The limbic system consists of the parts of the brain that regulate memory motivation, and emotion. Although researchers aren't quite sure if all the structures are actually "limbic" or even if they form a "system." The key structures researchers think form the limbic system: thalamus, the amygdala, the hippocampus, and the hypothalamus. .
The thalamus or the "inner chamber" is a sensory relay station. It directs neural traffic between the senses and the cerebral cortex. All the things that you see, hear, taste, and touch is received here, and then processed and sent on to the appropriate region of the cortex. It's interesting that the sense of smell completely bypasses the thalamus because it has its own relay station that directs input from the nose to the olfactory bulb, which sits near areas that control emotion. This might explain why certain cologne might make you angry about a break up with a boyfriend in the past. Or the smell of cookies brings back certain emotions in us.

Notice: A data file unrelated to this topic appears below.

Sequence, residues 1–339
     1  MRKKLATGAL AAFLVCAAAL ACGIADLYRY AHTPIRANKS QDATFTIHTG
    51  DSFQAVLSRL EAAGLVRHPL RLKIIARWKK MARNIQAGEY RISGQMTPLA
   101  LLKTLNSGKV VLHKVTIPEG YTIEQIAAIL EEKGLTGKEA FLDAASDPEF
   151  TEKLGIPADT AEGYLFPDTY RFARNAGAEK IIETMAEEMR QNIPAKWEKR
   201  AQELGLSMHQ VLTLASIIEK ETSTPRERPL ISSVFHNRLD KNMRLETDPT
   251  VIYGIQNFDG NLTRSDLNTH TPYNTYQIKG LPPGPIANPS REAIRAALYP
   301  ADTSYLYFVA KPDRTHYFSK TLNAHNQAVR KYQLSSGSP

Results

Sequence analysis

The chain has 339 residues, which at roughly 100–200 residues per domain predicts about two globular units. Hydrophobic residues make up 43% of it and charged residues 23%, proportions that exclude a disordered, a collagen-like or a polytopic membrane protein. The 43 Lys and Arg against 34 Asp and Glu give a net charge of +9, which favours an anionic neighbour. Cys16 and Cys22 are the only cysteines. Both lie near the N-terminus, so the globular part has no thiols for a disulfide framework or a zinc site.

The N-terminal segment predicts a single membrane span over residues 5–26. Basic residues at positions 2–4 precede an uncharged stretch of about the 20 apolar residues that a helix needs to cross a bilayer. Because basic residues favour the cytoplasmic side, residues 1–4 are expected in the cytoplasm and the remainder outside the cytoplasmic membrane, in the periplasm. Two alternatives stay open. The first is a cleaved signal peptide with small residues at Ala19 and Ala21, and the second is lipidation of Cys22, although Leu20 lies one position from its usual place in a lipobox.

The amygdala is also called the aggression center because it is known to trigger the roots of aggression. In 1937 psychologist Heinrich Kluver and neurosurgeon Paul Bucy found that lesions of the temporal lobe, including the amygdala calmed ferocious rhesus monkeys. .
The Hippocampus is the largest structure in the limbic system. The hippocampus is a big part in the formation of new memories. In humans, brain scans reveal that the hippocampus area is smaller in people with severe memory loss, even while surrounding areas of the brain are intact. .
The hypothalamus "below the thalamus" regulates the body's endocrine system by triggering the release of hormones into the bloodstream. By doing so it helps regulate the basic emotions such as fear, rage, and also involved in drives such as hunger, thirst, sleep, and sex. You wouldn't want to get rid of the hypothalamus because it is also the home to your "pleasure centers.